China is to promote a new real estate development model based on “three major projects”: building affordable housing, renovating urban villages and constructing emergency public facilities. Some analysts are also calling for all real estate restrictions to be lifted for buyers and sellers, and the government bailing out certain property developers in the midst of a liquidity crisis. China’s Housing Minister Ni Hong said that while the country’s real estate market is in a period of transformation that is fraught with difficulties, the foundation exists for sustainable development. “The old development model that pursued speed and quantity no longer suits the new requirements of high-quality development, and a new development model is urgently needed,” he said in an interview with the People’s Daily. “Building a new model of real estate development is a fundamental strategy to solve current problems and promote the stable and healthy development of the real estate market,” Ni added.
Proposed during the twice-a-decade central financial work conference last month, the reworked model is based on the concept of “houses are for living in, not for speculation”, Ni said. The phrase was first used by President Xi Jinping a few years ago and had frequently been cited in property-related policies before this year, until there was no mention of it during a Politburo meeting in July. Analysts speculated that the unexplained omission pointed to a pro-growth shift in the sector. Relaxing measures, including reducing downpayments and scrapping the requirement of “no mortgage records” for identifying “first-home buyers”, have been implemented since the meeting. But despite rounds of stimulus, the property market has remained lackluster, with transaction volumes in major cities subdued. In terms of new affordable housing, Ni said the plan will focus on meeting the rising demands of urban migrants and young people. In urban villages – overcrowded village-style neighborhoods surrounded by skyscrapers in major cities – efforts will revolve around eliminating potential safety hazards and improving the living conditions of residents.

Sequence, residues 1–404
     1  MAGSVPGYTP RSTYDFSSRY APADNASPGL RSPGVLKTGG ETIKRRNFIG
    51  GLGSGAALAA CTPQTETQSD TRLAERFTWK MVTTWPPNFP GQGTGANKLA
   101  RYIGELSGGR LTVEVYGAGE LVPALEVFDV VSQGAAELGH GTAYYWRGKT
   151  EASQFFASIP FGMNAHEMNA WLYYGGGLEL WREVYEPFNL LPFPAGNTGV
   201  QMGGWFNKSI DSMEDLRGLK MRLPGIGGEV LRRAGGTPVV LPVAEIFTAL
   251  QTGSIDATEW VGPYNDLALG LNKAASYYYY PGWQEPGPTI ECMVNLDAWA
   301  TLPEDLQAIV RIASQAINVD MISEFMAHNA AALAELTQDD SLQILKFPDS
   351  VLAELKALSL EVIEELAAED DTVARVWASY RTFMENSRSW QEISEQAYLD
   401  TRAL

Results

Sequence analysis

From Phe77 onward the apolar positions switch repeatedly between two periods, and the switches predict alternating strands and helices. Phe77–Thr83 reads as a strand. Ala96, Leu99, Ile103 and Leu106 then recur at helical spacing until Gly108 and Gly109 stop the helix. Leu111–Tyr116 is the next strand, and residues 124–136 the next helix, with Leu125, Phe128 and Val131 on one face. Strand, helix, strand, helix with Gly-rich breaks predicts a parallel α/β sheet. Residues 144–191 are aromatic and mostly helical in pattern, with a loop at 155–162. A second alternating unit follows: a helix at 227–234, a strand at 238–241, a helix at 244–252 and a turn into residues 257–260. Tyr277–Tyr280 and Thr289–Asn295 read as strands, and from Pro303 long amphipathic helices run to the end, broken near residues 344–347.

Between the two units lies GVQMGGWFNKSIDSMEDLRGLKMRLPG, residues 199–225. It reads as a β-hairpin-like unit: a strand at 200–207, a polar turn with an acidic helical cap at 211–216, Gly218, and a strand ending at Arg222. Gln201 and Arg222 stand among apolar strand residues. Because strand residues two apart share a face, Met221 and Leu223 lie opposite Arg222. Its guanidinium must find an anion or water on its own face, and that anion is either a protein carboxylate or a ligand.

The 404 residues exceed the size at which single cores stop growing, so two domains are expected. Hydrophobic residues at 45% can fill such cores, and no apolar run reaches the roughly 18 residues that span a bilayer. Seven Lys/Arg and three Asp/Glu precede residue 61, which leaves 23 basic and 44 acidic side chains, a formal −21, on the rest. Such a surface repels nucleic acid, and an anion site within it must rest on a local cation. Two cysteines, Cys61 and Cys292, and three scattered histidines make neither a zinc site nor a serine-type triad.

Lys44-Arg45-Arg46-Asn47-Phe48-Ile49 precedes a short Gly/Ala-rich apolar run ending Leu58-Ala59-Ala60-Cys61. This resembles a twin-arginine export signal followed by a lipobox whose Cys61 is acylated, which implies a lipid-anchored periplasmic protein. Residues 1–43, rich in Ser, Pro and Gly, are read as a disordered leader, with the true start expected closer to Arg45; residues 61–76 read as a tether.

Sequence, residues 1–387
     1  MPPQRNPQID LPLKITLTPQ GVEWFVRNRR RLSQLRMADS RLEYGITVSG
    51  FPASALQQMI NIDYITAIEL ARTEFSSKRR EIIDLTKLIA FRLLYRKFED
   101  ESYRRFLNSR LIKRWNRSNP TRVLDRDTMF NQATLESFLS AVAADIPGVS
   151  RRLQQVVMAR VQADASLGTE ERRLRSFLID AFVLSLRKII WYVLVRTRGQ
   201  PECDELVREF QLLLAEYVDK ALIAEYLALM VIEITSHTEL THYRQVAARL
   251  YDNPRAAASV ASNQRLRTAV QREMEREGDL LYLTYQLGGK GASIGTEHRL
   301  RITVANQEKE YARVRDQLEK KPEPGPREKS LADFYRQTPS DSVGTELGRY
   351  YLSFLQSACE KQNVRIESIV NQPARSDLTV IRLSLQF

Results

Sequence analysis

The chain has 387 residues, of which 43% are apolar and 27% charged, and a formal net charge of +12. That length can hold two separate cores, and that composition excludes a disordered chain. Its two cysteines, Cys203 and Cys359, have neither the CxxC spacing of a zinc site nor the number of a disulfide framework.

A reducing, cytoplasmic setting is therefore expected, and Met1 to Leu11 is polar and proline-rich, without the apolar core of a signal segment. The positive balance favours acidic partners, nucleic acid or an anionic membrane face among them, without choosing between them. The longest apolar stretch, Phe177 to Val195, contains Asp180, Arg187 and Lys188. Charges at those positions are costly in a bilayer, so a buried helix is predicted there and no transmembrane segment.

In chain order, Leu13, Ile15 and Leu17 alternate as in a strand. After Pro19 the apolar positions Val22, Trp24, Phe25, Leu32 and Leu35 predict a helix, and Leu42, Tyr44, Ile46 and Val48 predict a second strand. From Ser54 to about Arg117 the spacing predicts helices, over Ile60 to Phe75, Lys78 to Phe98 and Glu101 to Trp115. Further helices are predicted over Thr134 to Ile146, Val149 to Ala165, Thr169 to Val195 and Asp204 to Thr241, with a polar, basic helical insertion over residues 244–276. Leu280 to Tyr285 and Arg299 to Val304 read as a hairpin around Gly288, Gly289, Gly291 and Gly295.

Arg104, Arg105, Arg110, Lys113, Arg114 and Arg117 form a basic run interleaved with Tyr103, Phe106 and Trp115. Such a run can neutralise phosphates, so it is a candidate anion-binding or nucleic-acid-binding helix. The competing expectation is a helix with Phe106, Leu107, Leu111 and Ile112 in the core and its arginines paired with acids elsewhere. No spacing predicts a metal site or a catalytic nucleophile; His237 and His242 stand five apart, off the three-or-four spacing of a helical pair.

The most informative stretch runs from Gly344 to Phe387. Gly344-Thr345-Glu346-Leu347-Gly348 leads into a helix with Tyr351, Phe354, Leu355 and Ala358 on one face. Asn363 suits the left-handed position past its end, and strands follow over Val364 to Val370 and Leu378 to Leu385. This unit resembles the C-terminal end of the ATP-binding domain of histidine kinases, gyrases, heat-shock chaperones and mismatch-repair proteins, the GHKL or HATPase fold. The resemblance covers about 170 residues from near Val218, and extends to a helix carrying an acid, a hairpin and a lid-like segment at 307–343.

Tao Ran, Professor at the School of Humanities and Social Science at the Chinese University of Hong Kong (Shenzhen), said that while expanding the housing supply in cities with population inflows is a step in the right direction, such projects will face hurdles in implementation and are not a panacea for China’s property sector. “For example, a local government may lack the motivation to promote affordable housing projects, as this would mean a decrease in land-sale revenue,” Tao said. The key problem currently facing the Chinese property market, Tao said, is the general lack of confidence that is deterring people from buying new homes. “The real estate market needs to be rescued as soon as possible,” he added. “All restrictions on property-related purchases, prices and loans, as well as financing constraints on developers, should be lifted,” as reported by the South China Morning Post.